"Zhevouehn?" She asked softly, the bedroom purr of her voice reserved only for their evenings alone together in her voice. A ripple of pleasure ran through his body, and he stood up straight, his fitted black suit looking somewhat funerary in their cheerily lit kitchen. The herbs she tended to were leaning against the waning evening sun, as though trying to get the last few precious minutes of sunlight before their world became darkness for another long evening.

"Yes, my princess Dominique?" He said, turning back to her as he dried his long-fingered hands with a tea towel. He set the towel onto the varnished wood of their countertop and moved to begin to massage her delicate shoulders, trying to impart some warmth into her cool skin.

"Where am I?" She asked softly, looking up at him with her inquisitive brown eyes, resting a delicate hand on his. His stomach lurched, this was the part he hated the most, having to remind her.

"You're at home, my sweetest one," he murmured softly, moving to kiss her hand, he took his place beside her, holding her hand. She frowned, as though trying to work out her surroundings again. He allowed her a few minutes to work this out, stroking her small hand as he began to eat, watching her carefully. She gazed to the tablecloth she had picked out, to the summery curtains waving softly in the breeze of the open window. She gazed to the kitchen where they had made much more than food, and she gazed again to the table, scowling.

"Why do I find it so hard to remember?" She asked softly. Tears welled in Zhevouehn's eyes, and he squeezed her hand so tightly he heard the cartilage in her fingers pop. He immediately released her hand from his grip, patting it lightly.

"Well, my dear wife, you had an..." He paused, trying to figure out the best way to word the delicate situation, "unfortunate accident. It makes it hard for you to remember things, and sometimes you don't feel very good. I love you very much, my sweet pet, I want you to remember that, above all else."

Her gaunt face broke into a bright smile, and his heart melted for her again. This was the hard part, knowing that she'd always forget, and that there may be a time when she'd never remember again. "I love you too, Zhevouehn, that's why we got married. I couldn't stand the thought of being without you."

"Nor I, I can assure you of that, my sweet." He rasped softly, stroking her cheek. He braced himself for the inevitable question, taking a small sip of water to wet his lips. She paused for a moment, looking at the meal in front of her.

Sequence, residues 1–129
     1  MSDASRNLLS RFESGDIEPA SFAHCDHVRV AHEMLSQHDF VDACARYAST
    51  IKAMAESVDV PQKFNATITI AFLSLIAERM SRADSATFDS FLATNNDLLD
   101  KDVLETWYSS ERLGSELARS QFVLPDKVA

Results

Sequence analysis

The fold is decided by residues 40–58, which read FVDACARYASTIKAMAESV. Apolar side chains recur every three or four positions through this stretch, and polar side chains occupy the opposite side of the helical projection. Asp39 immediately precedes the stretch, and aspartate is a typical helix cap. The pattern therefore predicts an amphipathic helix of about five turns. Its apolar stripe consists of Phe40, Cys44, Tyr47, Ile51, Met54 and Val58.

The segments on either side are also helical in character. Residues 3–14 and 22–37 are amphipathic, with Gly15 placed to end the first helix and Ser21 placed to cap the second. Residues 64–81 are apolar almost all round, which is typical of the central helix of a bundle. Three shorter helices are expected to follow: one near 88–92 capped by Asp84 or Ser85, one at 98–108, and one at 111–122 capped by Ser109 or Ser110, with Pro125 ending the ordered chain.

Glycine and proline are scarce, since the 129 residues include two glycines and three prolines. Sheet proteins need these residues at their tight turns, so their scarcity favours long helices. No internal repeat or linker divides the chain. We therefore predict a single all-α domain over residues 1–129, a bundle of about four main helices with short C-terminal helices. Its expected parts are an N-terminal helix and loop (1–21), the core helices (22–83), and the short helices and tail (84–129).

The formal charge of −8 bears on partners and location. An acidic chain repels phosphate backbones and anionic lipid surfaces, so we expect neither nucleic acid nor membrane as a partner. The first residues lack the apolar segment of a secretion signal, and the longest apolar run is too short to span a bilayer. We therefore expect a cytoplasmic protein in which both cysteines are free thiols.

"What sort of accident was I in?" She said finally, and a tear rolled down Zhevoeuhn's cheek. He couldn't help it, he had tried so hard to protect her from the truth, but he would never lie to her.

"You... choked, my sweet. On our wedding cake," he said, his voice breaking slightly as he told her. "I tried so hard to revive you. Oh, god, you turned blue in my arms..." He pressed his hand to his mouth, tears rolling down his cheeks, unrestrained now, he sobbed softly into his hand for a moment. Dominique went silent for a long moment, and then she looked to the small bundle tied to her wrist, a few feathers, a small pouch, some bones and a wilted gardenia, and it seemed to dawn on her for the first time.

"This is a gris-gris. I'm... I was... I am... dead," the zombie said softly, the words sounding awkward and wrong in her mouth. Zhevouehn nodded, not trusting his voice at the moment. Tears rolled down his cheeks as he looked at his wife. She looked almost as she did in life, perhaps a little more pale and a little thinner, but she was still Dominique.

"I'm so sorry, my princess. I tried everything I could do," he said softly, gritting his teeth as he watched her begin to cry. "I love you, I couldn't leave you rot in the ground. I promised I would never leave your side, and I have not. I feed you, I tend to your needs, I keep you safe." Her shoulders hunched and she covered her face with her bony fingers.

"How long will I remember?" She asked him, sniffling a little as he drew her into his lap, curling her up close to him, wrapping his jacket halfway around her.

"Sometimes it is a few hours, sometimes the whole evening. Precious moments, my pet. I savor them always, in those moments you are my lovely Dominique again." He rocked her comfortingly in his arms as her small body shuddered, she clutched tight to his frame.

"Please, Zhevouehn, don't leave me. I don't want to be alone," she said softly, her voice quavering a little as she spoke. She always sounded so frightened when they came to this point in the evening, and it broke his heart. He loved her with every fiber of his being, and she seemed so lifelike in these moments it broke his heart to remember she would soon degenerate to her former forgetful state.

"Never, my sweet. You will be with me always." Zhevouehn promised her, kissing her forehead as they sat in the rapidly darkening kitchen, the twilight fading into dusk.

And all I can taste is this moment,
And all I can breathe is your life.
'Cause sooner or later it's over
I just don't want to miss you tonight

And I don't want the world to see me
'cause I don't think that they'd understand.
When everything's made to be broken
I just want you to know who I am.

-The Goo Goo Dolls, "Iris"